Oppenheimer co-author Kai Bird discussed how the 20005's autobiography of the nuclear physicist is different from Christopher Nolan's directorial film adaptation, released in 2023.
During his exclusive interview with the Hindustan Times at the Jaipur Literature festival, Bird gushed over Nolan's biopic of J. Robert Oppenheimer, which made over $900 million at the global box office, saying, “Let me make it clear that the movie by Nolan is fabulous. It's a great artistic achievement. And it's a wonderful adaptation of the book."
Kai went on to hail Oppenheimer, "I can recognize in the dialogues whole sentences and paras taken out of the book. It's not only an artistically visual experience, but also teaches a lot of history. And it's accurate. I'm very grateful to Nolan."
However, Kai also dished on how the book offers detailed insights into what went before the story of Oppenheimer in the film's adaptation starts and what transpired after it ends.
“It's very long, but even three hours of movie can't do what a book can do in 720 pages. There's nothing in the movie, for instance, about Oppenheimer's childhood in New York, growing up very privileged. There's nothing about what Oppenheimer did after the 1954 trial, when he retreated every year to St John Virgin Islands,” said Kai Bird.
He went on to explain the reason why there should be a sequel of Oppenheimer to showcase what unfolded after his humiliating trial in 1954.
“It's a sad story. He was really humiliated and destroyed in that secret trial. The transcripts of the entire month-long proceedings was leaked to The New York Times. All the private details of his life, his love affairs, his left-wing politics, were released. Everyone in America was left to believe that he's an untrustworthy man, maybe disloyal, maybe a spy for the Russians. This pained Oppenheimer deeply,” said the author.
'Oppenheimer' book author Kai Bird highlights Nolan's narrative over Hiroshima and Nagasaki bombing:
Kai Bird also expressed his disagreement with Nolan's skirted narrative over Hiroshima and Nagasaki bombing, “I understand what Nolan was doing there. The movie, in large part, is from Oppenheimer's point of view. In fact, large part of the screenplay is in first person. So you're learning all this history from his perspective. It's clear in the movie that he's deeply pained and emotional about the tragedy of the loss of lives in Hiroshima and Nagasaki. But he was never there. He never saw it."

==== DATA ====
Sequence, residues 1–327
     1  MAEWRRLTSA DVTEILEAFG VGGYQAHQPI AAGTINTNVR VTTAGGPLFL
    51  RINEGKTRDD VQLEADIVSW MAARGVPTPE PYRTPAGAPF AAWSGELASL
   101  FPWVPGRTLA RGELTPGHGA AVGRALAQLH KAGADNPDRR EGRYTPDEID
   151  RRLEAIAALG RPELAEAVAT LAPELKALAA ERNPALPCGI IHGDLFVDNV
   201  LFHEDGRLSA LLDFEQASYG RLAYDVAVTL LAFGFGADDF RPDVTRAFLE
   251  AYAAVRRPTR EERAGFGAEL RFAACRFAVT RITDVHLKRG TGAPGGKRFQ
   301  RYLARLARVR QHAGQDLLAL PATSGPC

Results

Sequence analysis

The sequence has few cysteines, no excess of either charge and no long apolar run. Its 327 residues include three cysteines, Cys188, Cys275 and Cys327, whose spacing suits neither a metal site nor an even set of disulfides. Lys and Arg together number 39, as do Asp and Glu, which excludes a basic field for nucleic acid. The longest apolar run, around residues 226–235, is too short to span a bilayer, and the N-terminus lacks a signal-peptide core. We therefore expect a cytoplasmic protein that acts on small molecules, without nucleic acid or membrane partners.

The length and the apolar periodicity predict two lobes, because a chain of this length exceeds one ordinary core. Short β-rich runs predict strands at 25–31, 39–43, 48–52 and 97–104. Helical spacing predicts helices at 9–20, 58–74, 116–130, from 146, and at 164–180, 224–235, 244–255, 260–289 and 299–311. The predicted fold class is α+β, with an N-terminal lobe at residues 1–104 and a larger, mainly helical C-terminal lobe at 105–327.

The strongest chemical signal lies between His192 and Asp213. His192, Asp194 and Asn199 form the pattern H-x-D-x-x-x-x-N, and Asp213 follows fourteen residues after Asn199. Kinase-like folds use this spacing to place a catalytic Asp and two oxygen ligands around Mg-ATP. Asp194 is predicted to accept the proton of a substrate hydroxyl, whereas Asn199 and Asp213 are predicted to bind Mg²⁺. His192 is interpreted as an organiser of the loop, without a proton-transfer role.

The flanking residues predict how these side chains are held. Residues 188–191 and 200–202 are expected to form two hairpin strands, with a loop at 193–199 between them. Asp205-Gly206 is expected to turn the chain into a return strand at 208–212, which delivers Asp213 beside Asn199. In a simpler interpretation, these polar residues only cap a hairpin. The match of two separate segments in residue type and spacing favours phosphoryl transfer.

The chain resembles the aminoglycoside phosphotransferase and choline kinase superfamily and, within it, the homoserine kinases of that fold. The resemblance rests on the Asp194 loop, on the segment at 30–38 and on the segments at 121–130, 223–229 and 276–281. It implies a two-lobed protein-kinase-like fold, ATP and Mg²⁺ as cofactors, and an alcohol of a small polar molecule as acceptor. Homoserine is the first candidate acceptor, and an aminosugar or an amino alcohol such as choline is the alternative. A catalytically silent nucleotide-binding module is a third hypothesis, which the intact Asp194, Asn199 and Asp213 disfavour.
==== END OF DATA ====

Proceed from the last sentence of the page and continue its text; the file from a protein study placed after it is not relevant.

He continued, “Nolan has a point of showing a scene of Oppenheimer watching a newsreel and you can see him very disturbed. Likewise, there's another scene where he's giving this victory speech and he's hallucinating that there's a woman in the audience whose face melts. I think that's powerful."
Kai added, "He's forcing the viewers to imagine for themselves what happened on-ground in Hiroshima and Nagasaki. And that's much more powerful than showing old news clips of the destroyed cities with no people in it.”
Kai Bird gushed over Cillian Murphy's titular role in 'Oppenheimer':
Despite a few creative differences, the 72-year-0ld author did not hold back from admiring the Inception director's skills to channel the character's intensity on screen, especially Cillian Murphy in Oppenheimer's role.
"His personality, those bright blue eyes. When I met him, I complimented him that he's captured Oppenheimer's voice. He had a very distinctive voice that was very eloquent, each word and syllable clearly pronounced," Kai said of Murphy, who played the role of the father of nuclear bomb in the biopic.
Kai added, "He spoke very softly, almost in a whisper sometime. His accent is odd – it's not British, not classic American, it's sort of East-Coast New York.”
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